Among the news items and interviews that the ENS information agency issued on this month of May, we are highlighting the following 5 that we consider the most relevant:
Lea el resumen en español aquí
– Convergence for peace and against President Duque´s policies, Final declaration read at VII CUT Congress.
– Salary increase of 4.5% and increase in State staffing, main achievements of negotiations by trade unions, State federations and the Administration.
– Social and community-centred grassroots most affected by violence in 2018. CINEP Report.
– Colombia stopped creating 1´200.000 jobs in the 7 years of its Free-Trade Agreement with the United States.
– Wiretapping demonstrates arbitrary way that Avianca Airlines handled pilot strike.
Convergence for peace and against President Duque’s olicies: Final declaration concluding VII CUT Congress
Abounding in enthusiasm and with a large attendance (1000 official delegates and 200 fraternal ones), during the first week of May the VII National Congress of the Unitary Workers Confederation CUT took place in Bogota. Simultaneously, a Women’s Congress, Youth’s Congress, and an International Peace Forum were held, with the presence of national and international lecturers.
Apart from undertaking an analysis of the country’s current political, economic and labour conditions, the VII Congress tackled statutory, financial and administrative aspects pertaining to the organisation, reasserting as the priorities of its struggle labour outsourcing, anti-trade union violence, the defence of the right to association, and the implementation of a labour model other than the Neo-Liberal one, which has already inflicted so much damage in Colombia.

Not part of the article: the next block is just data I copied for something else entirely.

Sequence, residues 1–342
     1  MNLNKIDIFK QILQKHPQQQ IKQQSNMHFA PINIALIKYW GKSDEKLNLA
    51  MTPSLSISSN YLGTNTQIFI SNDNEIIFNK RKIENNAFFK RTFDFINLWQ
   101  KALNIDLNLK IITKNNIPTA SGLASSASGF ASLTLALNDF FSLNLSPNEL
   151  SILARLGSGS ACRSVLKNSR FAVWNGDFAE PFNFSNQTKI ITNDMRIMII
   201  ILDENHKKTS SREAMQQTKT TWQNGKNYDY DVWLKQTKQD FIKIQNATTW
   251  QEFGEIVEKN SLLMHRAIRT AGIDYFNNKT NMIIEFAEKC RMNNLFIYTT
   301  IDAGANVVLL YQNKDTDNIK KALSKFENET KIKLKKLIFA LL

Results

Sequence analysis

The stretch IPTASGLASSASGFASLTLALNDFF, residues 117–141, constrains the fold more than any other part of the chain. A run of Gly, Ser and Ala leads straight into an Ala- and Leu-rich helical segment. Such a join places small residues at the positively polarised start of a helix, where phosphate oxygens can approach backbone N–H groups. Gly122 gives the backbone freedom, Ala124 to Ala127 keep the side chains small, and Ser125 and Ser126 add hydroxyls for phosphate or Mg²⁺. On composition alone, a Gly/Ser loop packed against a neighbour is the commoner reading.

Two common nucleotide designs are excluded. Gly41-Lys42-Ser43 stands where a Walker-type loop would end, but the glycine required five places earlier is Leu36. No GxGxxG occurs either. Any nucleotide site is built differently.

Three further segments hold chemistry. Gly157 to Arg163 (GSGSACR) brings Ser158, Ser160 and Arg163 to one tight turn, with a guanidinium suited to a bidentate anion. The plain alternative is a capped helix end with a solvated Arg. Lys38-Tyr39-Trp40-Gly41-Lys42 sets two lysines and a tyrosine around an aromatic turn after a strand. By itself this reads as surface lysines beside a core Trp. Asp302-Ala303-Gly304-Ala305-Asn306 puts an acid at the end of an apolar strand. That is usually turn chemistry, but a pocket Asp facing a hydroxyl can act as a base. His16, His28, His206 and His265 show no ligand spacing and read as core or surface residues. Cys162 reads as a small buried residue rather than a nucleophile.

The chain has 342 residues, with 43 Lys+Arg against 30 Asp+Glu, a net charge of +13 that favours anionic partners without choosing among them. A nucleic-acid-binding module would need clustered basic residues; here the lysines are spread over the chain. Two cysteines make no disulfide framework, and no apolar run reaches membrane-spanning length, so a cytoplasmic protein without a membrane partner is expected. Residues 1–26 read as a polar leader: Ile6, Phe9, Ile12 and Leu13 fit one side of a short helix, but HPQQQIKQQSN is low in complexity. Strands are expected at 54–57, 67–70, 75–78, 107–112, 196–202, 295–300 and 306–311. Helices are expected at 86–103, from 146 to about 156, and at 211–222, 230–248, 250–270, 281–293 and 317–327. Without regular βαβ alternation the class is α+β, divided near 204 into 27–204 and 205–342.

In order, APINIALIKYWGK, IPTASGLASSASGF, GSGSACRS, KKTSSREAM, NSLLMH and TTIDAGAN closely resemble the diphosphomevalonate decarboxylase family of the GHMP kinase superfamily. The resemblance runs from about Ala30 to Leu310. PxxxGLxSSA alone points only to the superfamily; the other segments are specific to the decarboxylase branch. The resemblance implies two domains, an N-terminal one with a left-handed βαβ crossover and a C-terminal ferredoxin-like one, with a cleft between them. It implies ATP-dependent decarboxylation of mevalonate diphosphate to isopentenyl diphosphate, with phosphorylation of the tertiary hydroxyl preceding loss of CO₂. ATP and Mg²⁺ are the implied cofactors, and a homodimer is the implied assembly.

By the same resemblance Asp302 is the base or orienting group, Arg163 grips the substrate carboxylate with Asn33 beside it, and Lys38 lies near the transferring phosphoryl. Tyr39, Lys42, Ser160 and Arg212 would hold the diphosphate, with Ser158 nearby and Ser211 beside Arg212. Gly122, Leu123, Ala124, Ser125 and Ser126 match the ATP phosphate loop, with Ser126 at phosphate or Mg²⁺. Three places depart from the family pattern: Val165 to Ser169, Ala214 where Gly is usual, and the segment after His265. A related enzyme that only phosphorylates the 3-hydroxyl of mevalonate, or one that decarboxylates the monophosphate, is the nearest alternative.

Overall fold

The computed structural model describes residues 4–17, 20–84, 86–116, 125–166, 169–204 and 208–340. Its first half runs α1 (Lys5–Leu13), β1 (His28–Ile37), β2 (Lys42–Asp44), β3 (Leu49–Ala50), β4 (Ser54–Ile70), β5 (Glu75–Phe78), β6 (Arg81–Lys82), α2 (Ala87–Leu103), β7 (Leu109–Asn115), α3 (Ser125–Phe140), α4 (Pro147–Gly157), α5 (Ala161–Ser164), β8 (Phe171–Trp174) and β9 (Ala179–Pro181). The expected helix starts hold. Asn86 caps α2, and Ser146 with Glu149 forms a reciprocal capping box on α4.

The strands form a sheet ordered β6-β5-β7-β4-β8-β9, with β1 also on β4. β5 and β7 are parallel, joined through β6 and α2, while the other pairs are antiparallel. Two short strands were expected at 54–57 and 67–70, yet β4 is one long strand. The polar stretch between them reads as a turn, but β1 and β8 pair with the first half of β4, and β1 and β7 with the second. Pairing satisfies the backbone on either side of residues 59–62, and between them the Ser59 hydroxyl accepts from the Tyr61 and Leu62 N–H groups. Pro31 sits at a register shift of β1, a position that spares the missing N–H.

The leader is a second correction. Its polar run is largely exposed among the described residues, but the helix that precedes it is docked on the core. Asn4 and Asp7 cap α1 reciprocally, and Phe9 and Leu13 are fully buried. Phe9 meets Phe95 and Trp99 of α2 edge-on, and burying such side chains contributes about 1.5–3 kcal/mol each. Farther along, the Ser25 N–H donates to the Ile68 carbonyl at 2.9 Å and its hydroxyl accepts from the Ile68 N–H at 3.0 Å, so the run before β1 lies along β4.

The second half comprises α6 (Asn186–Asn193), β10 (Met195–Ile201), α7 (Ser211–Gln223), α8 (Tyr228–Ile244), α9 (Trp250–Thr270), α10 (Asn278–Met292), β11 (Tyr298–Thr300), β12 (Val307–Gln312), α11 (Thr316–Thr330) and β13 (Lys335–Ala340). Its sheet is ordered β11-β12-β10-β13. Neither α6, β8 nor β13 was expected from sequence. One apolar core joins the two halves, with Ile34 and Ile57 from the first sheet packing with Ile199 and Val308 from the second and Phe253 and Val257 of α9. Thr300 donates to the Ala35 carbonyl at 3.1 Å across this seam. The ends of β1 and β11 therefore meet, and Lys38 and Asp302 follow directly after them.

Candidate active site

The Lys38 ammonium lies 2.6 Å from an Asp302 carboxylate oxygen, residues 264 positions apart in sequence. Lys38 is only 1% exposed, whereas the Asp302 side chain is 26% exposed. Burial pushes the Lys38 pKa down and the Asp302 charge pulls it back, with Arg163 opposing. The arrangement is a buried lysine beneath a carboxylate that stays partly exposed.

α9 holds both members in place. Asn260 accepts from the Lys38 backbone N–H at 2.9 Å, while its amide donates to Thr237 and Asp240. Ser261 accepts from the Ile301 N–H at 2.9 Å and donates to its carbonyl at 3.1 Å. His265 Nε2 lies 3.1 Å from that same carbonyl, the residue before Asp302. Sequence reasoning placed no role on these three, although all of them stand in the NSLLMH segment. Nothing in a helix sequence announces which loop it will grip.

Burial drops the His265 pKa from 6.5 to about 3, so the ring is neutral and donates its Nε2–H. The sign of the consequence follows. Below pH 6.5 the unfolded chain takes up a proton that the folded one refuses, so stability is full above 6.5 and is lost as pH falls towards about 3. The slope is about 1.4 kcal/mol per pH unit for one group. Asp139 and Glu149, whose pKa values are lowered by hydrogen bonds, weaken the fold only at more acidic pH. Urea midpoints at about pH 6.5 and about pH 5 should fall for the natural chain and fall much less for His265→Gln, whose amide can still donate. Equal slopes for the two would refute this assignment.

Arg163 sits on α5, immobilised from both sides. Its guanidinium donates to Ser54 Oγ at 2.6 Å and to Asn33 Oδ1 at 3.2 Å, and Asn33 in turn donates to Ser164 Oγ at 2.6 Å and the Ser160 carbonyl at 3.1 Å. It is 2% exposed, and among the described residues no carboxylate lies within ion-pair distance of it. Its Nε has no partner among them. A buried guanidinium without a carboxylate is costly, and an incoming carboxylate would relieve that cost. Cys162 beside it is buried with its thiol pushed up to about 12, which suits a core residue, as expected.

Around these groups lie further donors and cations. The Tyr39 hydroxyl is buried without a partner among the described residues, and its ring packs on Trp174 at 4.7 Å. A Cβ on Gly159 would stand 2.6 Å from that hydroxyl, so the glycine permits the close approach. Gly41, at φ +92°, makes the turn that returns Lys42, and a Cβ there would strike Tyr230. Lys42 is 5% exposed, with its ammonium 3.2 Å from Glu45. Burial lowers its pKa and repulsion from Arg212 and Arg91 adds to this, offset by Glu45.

In its final political statemen, CUT urges Colombian citizens to gather together and confront President Duque’s policies, as well as to express their opinion in the upcoming October 27 regional elections. CUT ratified that its Unitarian National Command is the space for action of trade-union federations, as well as for other social movements and organisations to join CUT in its critical vision of the Duque Administration and the Neo-Liberal development model it defends.
Likewise, CUT expresses its support for the Peace Accords and for the continuation of peace negotiations with the ELN guerrilla; it condemns the ongoing systematic murders of social leaders, trade union activists and human rights defenders; it claims the right to self-determination of indigenous peoples and condemns U.S. interference in Venezuela’s internal affairs, with the complicity of President Duque’s Administration.
CUT reasserted itself during its VII Congress as a labour federation structured around sectorial trade unions, advocating cohesion processes among trade unions in order to advance the goal of having more trade union affiliates and less trade unions.
As a measure designed to increase CUT participation among smaller trade unions, the Congress reduced the number of affiliates demanded from any given union in order to participate in the CUT agenda. Lively debate ensued around the so-called “law of quotas”, regarding more female and young people presence in its executive body. With respect to women, for example, there are only 2 women among the 21 members in the National Executive Committee; that is, less than 10%. The Women’s Congress advocated for this committee to have a mandatory 20% female quota. Regardless of the expectations created, however, the proposal was defeated during the final vote.
“We lost, but it is still important for such debates to take place. They indicate that women are addressing the Central Committee as subjects of labour and political rights”, said Rosa América Peñalosa, leader of Antioquia’s Sub-Regional Office.